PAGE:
Email your money conundrums, from the technical to the psychological, to email@example.com
I am 20 and currently live with my parents for free. I work full time and pay my own bills, and also help shuttle my younger siblings around to school and activities. Because I don’t pay rent, I am able to pay bills on time, go out, travel, and generally enjoy life, but I can’t stop this nagging feeling that I’m a failure because I still live at home. I see my co-workers and friends struggle to get by and live paycheck to paycheck, and they just seem so miserable. At the same time, I know that I can’t live at home forever. Should I suck it up and find my own place?
The question isn’t “should” you move out of your parents’ house, but when — and how to do it gracefully. In the meantime, there’s no reason for you to feel like a failure for sharing a roof with your family, especially at age 20, and especially while you help out around the house and work full time. If you were loafing around all day eating your parents’ food and using their cable, I’d understand if you felt a little guilty or aimless. But what you’re doing is downright responsible. Think of this time at home as a solid runway for a strong, smooth takeoff when you leave — to make the best use of it, you need to know its boundaries.
When I was 22 and caught up in the excitement of starting my adult life, I signed a lease that I couldn’t really afford. I remember standing in the shower of that apartment, watching the water swirl down the drain and thinking it was a metaphor for my bank account — the anxiety of living beyond my means was acute. The following year, one of my roommates moved back in with her mom to save money for grad school; another peaced out mid-lease to regroup at her parents’ house after getting laid off. Another roommate after that brought a surprise addition: her younger sister, who shared her bedroom. Meanwhile, at my first job, many of my older co-workers were still shacking up with their families — except for my 29-year-old supervisor, who lived with his girlfriend and her grandparents. The point is, cobbling together one’s financial independence is a messy, inconvenient process, and never happens in a vacuum. What’s more, launching yourself out of the nest and hoping you land on your feet is not the wisest strategy — take it from me.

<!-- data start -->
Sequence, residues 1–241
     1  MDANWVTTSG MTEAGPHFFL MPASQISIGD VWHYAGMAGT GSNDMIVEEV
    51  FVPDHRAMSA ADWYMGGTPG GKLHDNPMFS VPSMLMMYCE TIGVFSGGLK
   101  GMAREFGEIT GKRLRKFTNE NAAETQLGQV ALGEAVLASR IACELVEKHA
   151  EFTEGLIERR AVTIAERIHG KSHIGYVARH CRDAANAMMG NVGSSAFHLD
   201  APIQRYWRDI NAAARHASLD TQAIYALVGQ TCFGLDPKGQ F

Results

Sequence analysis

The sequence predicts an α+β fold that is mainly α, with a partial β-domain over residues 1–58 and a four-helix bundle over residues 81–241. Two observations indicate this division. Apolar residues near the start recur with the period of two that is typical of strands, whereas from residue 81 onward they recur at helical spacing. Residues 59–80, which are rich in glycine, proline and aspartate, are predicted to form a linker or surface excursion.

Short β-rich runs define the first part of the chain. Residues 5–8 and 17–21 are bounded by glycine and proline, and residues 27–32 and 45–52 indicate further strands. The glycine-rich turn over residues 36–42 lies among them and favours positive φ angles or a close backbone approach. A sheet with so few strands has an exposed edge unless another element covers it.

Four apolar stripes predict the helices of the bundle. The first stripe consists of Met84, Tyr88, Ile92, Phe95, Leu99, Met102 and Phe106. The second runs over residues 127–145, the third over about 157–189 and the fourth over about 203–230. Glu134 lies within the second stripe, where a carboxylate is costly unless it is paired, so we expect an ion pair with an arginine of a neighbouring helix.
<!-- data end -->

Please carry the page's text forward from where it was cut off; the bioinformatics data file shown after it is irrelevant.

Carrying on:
Also, bear in mind that your living situation is completely normal: The percentage of young Americans (ages 18 to 34) living with their parents recently reached a 75-year high of almost 40 percent. Most economists attribute this to rising rental costs and student debt, but if you broaden your view, one could see this trend as more of a course correction; in most other cultures and countries, it’s par for the course to live at home until your mid- to late-20s. And why not? Combining resources with a family unit isn’t just efficient, it’s nice — while there’s a huge satisfaction to being independent, being accountable to those you love feels great, too.
That said, you’re right — you will have to live without your parents someday, and if you’re feeling the itch, that’s an important sign.